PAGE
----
Additionally provided, in accordance with certain embodiments of the present invention, is a method for programming data into a first plurality of rows within a second plurality of erase sectors of a flash memory device using a programming process having at least one selectable parameter, the method comprising characterizing each of at least one row subsets, each row subset comprising at least one row from among the first plurality of rows, thereby to generate at least one row subset characteristic value and programming data into at least a portion of at least one individual row belonging to at least one row subset, using a programming process having at least one selectable parameter, the at least one selectable parameter being set at least partly in accordance with the row subset characteristic value characterizing a row subset to which the individual row belongs.

For example, there may be 3 row subsets per erase sector, the first subset having just one member: the first row from among the 32 (say) rows in the erase sector, the second subset also having just one member: the last row in the erase sector, and the third subset comprising the remaining rows in the erase sector (30 rows if the erase sector includes 32 rows). When data is said to be "programmed into rows" and the like, it actually is often programmed into only a portion of a row, such as an even row-half or an odd row-half.

Further in accordance with at least one embodiment of the present invention, the at least one row subset comprises a third plurality of row subsets partitioning the first plurality of rows.

Still further in accordance with at least one embodiment of the present invention, each individual row subset within the third plurality of row subsets comprises a set of rows having an individual row position within erase sectors to which the set of rows respectively belong.

Additionally in accordance with at least one embodiment of the present invention, the at least one selectable parameter comprises at least one program level of at least one cell.

Further in accordance with at least one embodiment of the present invention, the at least one selectable parameter comprises an Incremental Step pulse Programming step voltage.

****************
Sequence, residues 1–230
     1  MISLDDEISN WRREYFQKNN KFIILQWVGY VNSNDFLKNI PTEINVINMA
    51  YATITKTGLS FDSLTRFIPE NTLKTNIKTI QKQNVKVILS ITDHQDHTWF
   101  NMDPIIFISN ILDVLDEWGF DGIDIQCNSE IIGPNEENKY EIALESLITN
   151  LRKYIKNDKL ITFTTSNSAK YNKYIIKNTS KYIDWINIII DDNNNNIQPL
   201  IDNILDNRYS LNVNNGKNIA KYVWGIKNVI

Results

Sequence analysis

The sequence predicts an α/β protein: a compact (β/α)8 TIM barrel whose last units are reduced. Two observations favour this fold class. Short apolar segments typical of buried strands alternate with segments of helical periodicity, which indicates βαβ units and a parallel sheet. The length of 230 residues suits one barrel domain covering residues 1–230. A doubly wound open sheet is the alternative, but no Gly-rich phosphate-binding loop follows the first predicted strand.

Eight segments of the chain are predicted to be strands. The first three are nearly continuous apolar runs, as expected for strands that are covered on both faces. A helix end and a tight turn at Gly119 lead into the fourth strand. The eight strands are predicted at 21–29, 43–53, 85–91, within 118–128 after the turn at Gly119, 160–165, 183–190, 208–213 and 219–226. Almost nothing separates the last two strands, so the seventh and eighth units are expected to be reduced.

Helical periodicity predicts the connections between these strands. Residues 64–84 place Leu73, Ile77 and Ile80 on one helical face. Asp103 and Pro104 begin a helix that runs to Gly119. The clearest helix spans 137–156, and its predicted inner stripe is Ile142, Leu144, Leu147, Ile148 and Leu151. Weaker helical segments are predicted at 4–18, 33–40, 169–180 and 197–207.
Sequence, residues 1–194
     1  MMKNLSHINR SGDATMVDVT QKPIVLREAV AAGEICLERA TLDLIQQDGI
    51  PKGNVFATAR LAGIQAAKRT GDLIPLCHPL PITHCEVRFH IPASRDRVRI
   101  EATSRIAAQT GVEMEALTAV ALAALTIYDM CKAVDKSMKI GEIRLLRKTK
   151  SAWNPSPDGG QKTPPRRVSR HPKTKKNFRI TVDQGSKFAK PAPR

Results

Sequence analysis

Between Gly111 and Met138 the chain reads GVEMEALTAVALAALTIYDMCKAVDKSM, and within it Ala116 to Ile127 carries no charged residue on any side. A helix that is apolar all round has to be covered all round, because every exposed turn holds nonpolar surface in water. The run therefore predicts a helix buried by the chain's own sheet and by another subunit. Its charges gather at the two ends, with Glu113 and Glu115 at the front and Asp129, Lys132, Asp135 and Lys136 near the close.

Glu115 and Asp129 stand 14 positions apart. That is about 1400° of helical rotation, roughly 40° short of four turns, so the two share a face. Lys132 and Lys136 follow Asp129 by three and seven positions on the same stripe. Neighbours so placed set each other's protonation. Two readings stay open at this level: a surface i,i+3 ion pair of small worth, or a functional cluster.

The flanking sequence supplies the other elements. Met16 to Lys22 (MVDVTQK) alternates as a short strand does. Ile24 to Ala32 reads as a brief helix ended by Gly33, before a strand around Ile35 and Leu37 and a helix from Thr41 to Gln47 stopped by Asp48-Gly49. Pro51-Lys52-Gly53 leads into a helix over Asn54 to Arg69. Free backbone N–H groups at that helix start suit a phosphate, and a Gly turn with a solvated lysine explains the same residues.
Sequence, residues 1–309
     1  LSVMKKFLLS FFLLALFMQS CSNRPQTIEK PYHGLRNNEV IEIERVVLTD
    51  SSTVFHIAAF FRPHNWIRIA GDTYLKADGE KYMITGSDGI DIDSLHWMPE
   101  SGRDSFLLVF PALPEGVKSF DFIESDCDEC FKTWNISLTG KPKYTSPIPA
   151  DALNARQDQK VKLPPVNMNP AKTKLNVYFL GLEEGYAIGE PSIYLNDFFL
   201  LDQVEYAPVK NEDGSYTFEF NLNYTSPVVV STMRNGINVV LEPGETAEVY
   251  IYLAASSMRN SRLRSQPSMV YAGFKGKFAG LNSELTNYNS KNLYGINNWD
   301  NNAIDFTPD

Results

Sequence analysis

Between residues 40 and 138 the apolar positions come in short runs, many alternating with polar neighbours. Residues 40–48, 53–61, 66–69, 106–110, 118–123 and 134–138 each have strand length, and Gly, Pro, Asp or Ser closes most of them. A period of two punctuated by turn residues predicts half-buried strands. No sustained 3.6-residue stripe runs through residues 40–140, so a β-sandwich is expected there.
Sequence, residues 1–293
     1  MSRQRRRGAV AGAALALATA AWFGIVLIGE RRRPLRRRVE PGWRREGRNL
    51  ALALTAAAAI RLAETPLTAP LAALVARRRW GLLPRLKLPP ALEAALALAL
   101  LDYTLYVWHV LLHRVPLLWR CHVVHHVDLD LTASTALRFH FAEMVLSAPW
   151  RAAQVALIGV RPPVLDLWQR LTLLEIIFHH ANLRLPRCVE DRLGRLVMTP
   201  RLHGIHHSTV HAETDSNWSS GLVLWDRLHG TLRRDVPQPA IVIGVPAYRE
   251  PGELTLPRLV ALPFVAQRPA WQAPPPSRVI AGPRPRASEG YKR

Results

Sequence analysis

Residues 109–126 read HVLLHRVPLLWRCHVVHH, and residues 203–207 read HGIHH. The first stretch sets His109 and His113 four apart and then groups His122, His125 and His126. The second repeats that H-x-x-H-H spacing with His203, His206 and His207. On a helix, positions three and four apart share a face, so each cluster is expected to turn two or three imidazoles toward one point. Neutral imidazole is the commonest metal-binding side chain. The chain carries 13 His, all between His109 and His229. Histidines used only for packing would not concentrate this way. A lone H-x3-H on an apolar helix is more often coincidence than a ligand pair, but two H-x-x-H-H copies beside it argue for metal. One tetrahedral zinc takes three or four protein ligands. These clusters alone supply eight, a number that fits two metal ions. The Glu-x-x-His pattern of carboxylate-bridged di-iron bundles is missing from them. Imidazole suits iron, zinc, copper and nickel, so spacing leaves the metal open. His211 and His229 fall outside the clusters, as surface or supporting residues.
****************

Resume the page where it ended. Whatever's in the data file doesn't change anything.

Still further in accordance with at least one embodiment of the present invention, the row subset characteristic value is indicative of quality of storage provided by at least one row in the subset. Additionally in accordance with at least one embodiment of the present invention, if the row subset characteristic value indicates that a row's quality of storage is low, a low Incremental Step pulse Programming programming pulse is used and if the row characteristic value indicates that a row's quality of storage is high, a high Incremental Step pulse Programming programming pulse is used. Also provided, in accordance with certain embodiments of the present invention, is a system for programming data into a first plurality of rows within a second plurality of erase sectors of a flash memory device using a programming process having at least one selectable parameter, the system comprising a row subset analyzer operative to characterize each of at least one row subsets, each row subset comprising at least one row from among the first plurality of rows, thereby to generate at least one row subset characteristic value; and a row subset-dependent programmer operative to program data into at least a portion of at least one individual row belonging to at least one row subset, using a programming process having at least one selectable parameter, the at least one selectable parameter being set at least partly in accordance with the row subset characteristic value characterizing a row subset to which the individual row belongs.

Any suitable processor, display and input means may be used to process, display, store and accept information, including computer programs, in accordance with some or all of the teachings of the present invention, such as but not limited to a conventional personal computer processor, workstation or other programmable device or computer or electronic computing device, either general-purpose or specifically constructed, for processing; a display screen and/or printer and/or speaker for displaying; machine-readable memory such as optical disks, CDROMs, magnetic- optical discs or other discs; RAMs, ROMs, EPROMs, EEPROMs, magnetic or optical or other cards, for storing, and keyboard or mouse for accepting. The term "process" as used above is intended to include any type of computation or manipulation or transformation of data represented as physical, e.g. electronic, phenomena which may occur or reside e.g. within registers and /or memories of a computer.

The above devices may communicate via any conventional wired or wireless digital communication means, e.g. via a wired or cellular telephone network or a computer network such as the Internet.